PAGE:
• But meanwhile, renewables absolutely can do the job and will, provided politicians, entrenched fossil fuel interests, and just plain stupid people get out of the way.


    In my opinion, the only legitimate objection to renewables has been that they are too expensive. High energy costs hurt people, especially poor people. But price is never a unvarying parameter in technology. It can never be measured once and for all with assurance, like tensile strength of a metal, or Carnot efficiency. The price of a machine depends on the cost of materials, and the skill, experience and wisdom of the people making it. It depends on whether the machine can be mass produced. Mass production always reduces cost. You can never be sure that a technology will become cheap enough to compete, but with enough R&D it often does. Some things have become incredibly cheaper, by orders of magnitude, especially intangible goods such as illumination, communication, and data storage. See p. 10:


    https://www.lenr-canr.org/acrobat/RothwellJcoldfusionb.pdf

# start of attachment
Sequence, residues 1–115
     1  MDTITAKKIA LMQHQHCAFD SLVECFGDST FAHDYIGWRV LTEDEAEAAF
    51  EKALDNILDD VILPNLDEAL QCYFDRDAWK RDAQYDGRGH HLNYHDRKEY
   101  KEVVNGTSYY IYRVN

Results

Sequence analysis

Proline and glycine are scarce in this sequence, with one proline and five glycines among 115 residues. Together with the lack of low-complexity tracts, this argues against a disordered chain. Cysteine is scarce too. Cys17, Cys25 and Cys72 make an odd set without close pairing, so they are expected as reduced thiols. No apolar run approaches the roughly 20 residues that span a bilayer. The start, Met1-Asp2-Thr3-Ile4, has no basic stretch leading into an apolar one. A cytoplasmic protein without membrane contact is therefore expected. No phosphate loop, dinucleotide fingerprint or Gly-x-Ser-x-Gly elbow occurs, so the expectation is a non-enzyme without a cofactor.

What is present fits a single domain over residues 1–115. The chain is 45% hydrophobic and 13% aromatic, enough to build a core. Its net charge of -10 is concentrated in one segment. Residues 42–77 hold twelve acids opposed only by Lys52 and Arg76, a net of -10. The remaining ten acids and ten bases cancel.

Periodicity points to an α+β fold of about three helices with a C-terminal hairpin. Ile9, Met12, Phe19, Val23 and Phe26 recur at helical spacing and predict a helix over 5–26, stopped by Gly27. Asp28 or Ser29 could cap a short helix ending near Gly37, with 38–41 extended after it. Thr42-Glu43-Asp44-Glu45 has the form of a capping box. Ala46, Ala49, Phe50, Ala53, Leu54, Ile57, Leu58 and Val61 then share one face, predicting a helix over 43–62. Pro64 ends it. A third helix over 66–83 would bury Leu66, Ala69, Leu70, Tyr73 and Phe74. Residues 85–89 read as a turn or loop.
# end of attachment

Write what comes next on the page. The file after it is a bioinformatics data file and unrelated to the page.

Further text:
Twenty years ago it was clear to me that wind could be made much cheaper, mainly with mass production. The path forward to making PV electricity cheaper was not as clear. To me, anyway. Solar thermal plants were making progress. They might have been the best choice, because they have important advantages over PV. The reflective surface is cheap; the expense is in the focus, whereas PV is the same high cost for the whole surface. (There were focussed PV but they did not make much progress.) Solar thermal heat can be stored and used well after sunset. The parabolic dish ones were making progress. They do not focus the energy intensely like the tower ones, so they do not have to be made on such a large scale, and they do not fry birds.